Maxton, N.C. — Many units can pack their equipment in military vehicles and set up a tactical operation center at a variety of locations throughout the Fort Bragg training areas. When it comes to mobilizing a unit whose primary mission is to fly helicopters however, the logistics of mobility takes a bit more planning.
The 82nd Combat Aviation Brigade requires airfield infrastructure such as flight lines and hangars to provide ground troops with air support. While the brigade’s troopers can provide training support and practice flying techniques from Simmons Army Airfield, like any other military unit, it is important for them to rehearse the deployment process of unit movement and establishing an operations center.
To incorporate such training, the Corsair troopers of 2nd Aviation Assault Battalion, 82nd CAB, deployed to Laurinburg-Maxton Airport in Maxton, N.C., to fly missions supporting the 3rd Brigade Combat Team, 82nd Airborne Division, and other division units during a division-wide field training exercise, Jan. 10 through 16.
The remote field training gives 2-82 ASLT commander Lt. Col. Bryan Chivers and his troopers an opportunity to rehearse operations in a more realistic scenario.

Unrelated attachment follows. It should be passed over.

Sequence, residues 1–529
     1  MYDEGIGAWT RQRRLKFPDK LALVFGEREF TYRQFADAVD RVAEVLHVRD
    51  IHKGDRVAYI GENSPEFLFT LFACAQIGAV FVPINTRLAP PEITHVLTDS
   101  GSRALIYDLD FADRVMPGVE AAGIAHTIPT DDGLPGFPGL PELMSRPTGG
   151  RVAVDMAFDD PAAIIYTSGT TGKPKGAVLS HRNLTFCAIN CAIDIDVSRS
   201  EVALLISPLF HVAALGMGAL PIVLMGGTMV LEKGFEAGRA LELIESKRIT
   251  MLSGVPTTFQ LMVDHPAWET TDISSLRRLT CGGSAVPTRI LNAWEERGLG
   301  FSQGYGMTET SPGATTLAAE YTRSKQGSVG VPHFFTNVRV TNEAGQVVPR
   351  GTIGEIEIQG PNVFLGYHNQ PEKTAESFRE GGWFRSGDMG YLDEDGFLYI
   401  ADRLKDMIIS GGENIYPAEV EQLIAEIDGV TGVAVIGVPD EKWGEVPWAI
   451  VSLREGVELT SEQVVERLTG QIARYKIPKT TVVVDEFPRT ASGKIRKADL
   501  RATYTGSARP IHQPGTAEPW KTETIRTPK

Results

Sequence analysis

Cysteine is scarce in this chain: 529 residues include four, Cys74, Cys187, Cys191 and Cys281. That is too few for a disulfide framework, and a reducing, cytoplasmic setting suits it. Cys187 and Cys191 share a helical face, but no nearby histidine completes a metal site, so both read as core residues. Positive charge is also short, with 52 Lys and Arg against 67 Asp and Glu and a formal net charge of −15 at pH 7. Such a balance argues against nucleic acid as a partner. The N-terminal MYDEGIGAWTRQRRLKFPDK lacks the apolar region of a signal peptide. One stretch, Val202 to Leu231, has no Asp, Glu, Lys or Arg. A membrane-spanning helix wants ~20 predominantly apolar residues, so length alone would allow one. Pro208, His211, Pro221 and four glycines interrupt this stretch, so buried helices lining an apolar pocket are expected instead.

“When you are in this type of environment, you find out what you really need to complete the mission,” Chivers said. “When we are on base it is not as realistic. We have to be able to move from one location to another, set up and ensure continuity to support any mission.”
Capt. Author Sandlin, Headquarters and Headquarters Company Commander, 2-82 ASLT, led the battalion in the logistics and primary set up of the training site.
“It starts with finding the right place that will allow us to operate our helicopters while being able to establish full security and communications with the brigade headquarters and units we are here to support,” Sandlin said. “There is much more that goes into this type of set up versus being on the main base.”
During the division-wide training event, Task Force Corsair assisted with troop movement, medical evacuations, troop insertions and extractions, and air assault missions.
“This is where we put all of our training to support various missions to the test,” said 1st Sgt. Robben Kadish, Troop A, 1st Squadron, 17th Cavalry Regiment, 82nd CAB.
Once the operations center and communication is established, troopers can also train for obstacles they may face in a deployed environment.
“One of the ways we train while out in the field is to conduct side training such as learning to decontaminate a vehicle and equipment in the event of a chemical attack or when entering a chemical environment,” said 1st Lt. Duane Nixon, chemical officer in charge, 2-82 ASLT. “It is one of the ways we maintain readiness in case this type of situation occurs.”
The deployment rehearsal offered the Corsair troopers valuable insight they can use to help maintain readiness for future training events and missions.
“We take so much away from this training event that will make us more proficient as we continue to maintain our readiness for the next mission,” Chivers said.
From the motor pool to the kitchen, Task Force Corsair support troopers worked around the clock to sustain the aviators’ ongoing missions during the exercise.